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Thread: Teensy 4.1 Suggestions?

  1. #1

    Teensy 4.1 Suggestions?

    I'm a big fan of the teensy and I've used them in a lot of low volume products I've made.

    I'm now looking on a challenge I've always had with the teensies and that's the back-feed diode protection.
    For those unfamiliar with this, a diode is required on the teensy board to prevent backfeed into USB port.
    The PCB trace circled in the photo is also required to be cut for this to work. This will make the device fully USB compliant.

    The arduino boards already have such a diode. I'm wondering if there is a reason the teensy doesn't come with this diode from the factory?
    And if possible for future teensy to have this diode.


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  2. #2
    Damn, didn't even realize the 4.1 was already released. Ok..

  3. #3
    Senior Member+ defragster's Avatar
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    Yes T_4.1 batch one built and sold out and restocked already.

    When is backfeed an issue? Only when powered on the VIN pin?

    When power from USB not needed cutting the trace prevents that - but then USB only works with external power - or a jumper to the internal edge VUSB pin, or on the fly with an added diode, or two.

  4. #4
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    I use two diodes as suggested by Paul in one of the guides. I used an TH diode last time, but will try the equivalent SMD version for a “cleaner” look

  5. #5
    Quote Originally Posted by defragster View Post
    Yes T_4.1 batch one built and sold out and restocked already.

    When is backfeed an issue? Only when powered on the VIN pin?

    When power from USB not needed cutting the trace prevents that - but then USB only works with external power - or a jumper to the internal edge VUSB pin, or on the fly with an added diode, or two.
    Yes, when powered with the VIN pin and then you have to do some serial communication with it powered up on the main system. Think automotive, machinery.
    My question is why not put a diode there and get rid of the trace and potentially back-feed issue and also be fully or more USB compliant? I know cost wouldn't be an issue, and i see a number of smd components on the underside already. The pad is so small and close to the pin that's it's not so easy to hot air solder.

  6. #6
    Senior Member PaulStoffregen's Avatar
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    Quote Originally Posted by donperryjm View Post
    My question is why not put a diode there
    One reason would be the 0.5 to 0.7 volt loss due to the diode's forward voltage drop. Many people connect other boards needing 5V power, even if they use 3.3V signals. On Teensy 4.1 we also use the 5V power for USB host, to try to power up other USB devices.

    Unfortunately there isn't any perfect answer which fits everyone's needs.

  7. #7
    Yes, but there are also schottky that allows only a 300mv drop, that leaves with 4.7v. Usually sufficient for most 5V circuit needs.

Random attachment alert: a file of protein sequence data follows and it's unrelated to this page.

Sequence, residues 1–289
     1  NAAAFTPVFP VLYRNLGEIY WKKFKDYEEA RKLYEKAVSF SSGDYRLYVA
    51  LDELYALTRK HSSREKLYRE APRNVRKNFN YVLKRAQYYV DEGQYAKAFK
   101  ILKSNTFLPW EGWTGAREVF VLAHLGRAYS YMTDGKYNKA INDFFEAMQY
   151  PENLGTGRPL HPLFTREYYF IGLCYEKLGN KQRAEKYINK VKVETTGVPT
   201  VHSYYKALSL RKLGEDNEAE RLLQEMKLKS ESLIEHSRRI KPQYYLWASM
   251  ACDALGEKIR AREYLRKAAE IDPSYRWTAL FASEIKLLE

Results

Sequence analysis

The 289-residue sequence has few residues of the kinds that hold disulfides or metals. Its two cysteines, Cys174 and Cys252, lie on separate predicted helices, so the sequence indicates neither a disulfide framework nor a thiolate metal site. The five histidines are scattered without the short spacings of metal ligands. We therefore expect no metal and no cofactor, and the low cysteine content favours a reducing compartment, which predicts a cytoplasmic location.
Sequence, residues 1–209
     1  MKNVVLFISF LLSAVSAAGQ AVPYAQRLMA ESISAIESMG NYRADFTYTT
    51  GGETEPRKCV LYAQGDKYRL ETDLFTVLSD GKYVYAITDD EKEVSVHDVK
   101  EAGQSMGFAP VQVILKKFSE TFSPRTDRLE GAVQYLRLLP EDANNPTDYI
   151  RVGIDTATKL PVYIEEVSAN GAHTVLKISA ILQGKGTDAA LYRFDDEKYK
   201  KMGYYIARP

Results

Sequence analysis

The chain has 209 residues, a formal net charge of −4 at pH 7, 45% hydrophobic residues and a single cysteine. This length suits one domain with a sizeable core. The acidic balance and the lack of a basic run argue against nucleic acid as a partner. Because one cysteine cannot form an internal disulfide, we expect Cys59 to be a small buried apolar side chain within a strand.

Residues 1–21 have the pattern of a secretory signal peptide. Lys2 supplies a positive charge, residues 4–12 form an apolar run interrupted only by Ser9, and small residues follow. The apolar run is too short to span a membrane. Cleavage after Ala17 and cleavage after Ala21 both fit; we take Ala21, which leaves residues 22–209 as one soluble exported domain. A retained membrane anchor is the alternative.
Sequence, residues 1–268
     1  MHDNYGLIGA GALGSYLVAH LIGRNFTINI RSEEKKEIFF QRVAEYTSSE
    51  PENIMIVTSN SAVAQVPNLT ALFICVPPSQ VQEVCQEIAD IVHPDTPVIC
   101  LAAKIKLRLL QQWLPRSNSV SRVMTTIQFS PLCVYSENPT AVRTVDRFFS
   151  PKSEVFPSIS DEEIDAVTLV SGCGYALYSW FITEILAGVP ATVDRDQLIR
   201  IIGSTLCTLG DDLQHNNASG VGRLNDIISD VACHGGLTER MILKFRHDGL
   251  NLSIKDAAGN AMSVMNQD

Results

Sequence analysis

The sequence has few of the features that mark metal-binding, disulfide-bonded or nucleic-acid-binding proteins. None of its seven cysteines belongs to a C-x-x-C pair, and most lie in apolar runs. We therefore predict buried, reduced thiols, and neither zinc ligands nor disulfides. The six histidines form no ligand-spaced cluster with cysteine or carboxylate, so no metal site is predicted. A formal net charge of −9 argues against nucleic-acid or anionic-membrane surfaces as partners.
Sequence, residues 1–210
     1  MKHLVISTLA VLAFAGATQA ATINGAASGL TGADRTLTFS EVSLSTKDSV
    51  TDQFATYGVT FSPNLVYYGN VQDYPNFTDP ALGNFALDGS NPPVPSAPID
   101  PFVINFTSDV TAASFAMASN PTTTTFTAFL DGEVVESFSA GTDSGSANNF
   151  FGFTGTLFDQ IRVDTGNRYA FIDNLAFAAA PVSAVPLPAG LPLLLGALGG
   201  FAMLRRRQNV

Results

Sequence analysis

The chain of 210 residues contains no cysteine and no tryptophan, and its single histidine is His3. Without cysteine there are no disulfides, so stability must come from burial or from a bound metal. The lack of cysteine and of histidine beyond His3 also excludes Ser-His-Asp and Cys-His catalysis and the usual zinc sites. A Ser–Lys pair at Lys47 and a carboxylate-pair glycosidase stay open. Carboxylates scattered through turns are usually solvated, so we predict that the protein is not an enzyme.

even so, they can do external power - eventually most will need to do, and then they'll have no backfeed issue.

    If you run a poll to see how many have a need for the requirement you just mentioned vs backfeed prevention, I have a hunch more will have the back-feed prevention issue.

  8. #8
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    "Yes, but there are also schottky that allows only a 300mv drop, that leaves with 4.7v. Usually sufficient for most 5V circuit needs"

    If your reasoning is valid the next device will also have a diode - that leaves it with 4.4v supply to the third device not 4.7v
    How do you decide which one to fit with a diode and which can do without it?

  9. #9
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    Quote Originally Posted by donperryjm View Post
    Yes, but there are also schottky that allows only a 300mv drop, that leaves with 4.7v. Usually sufficient for most 5V circuit needs.
    even so, they can do external power - eventually most will need to do, and then they'll have no backfeed issue.

    If you run a poll to see how many have a need for the requirement you just mentioned vs backfeed prevention, I have a hunch more will have the back-feed prevention issue.
    Not sure I agree that more will want it. There are all sorts of side effects of a voltage drop. I ran into an issue where someone was using PWM to control the speed of a spindle with a teensy 4.1. The spindle was running slower than expected. Turns out their USB power was low (4.4V - spec say 4.75 is min) and the spindle controller was just doing a simple LPF to convert PWM to voltage and expecting 5V. Even with correct USB voltage level a schottky drop would be an issue. I set up my boards to allow switching to external 5V when it's important.

  10. #10
    Quote Originally Posted by Saibot View Post
    "Yes, but there are also schottky that allows only a 300mv drop, that leaves with 4.7v. Usually sufficient for most 5V circuit needs"

    If your reasoning is valid the next device will also have a diode - that leaves it with 4.4v supply to the third device not 4.7v
    How do you decide which one to fit with a diode and which can do without it?
    Simply A VIN pin separate from the 5V pin like most other dev boards provide. So if you want a naked 5V you have that pin straight from USB, but to power the teensy through its schottky you also have that VIN input pin that won't backfeed to USB.
    Here is an example with the Nano. https://i.postimg.cc/Xq96LJP2/nano.png

  11. #11
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    Yes true but pins are precious

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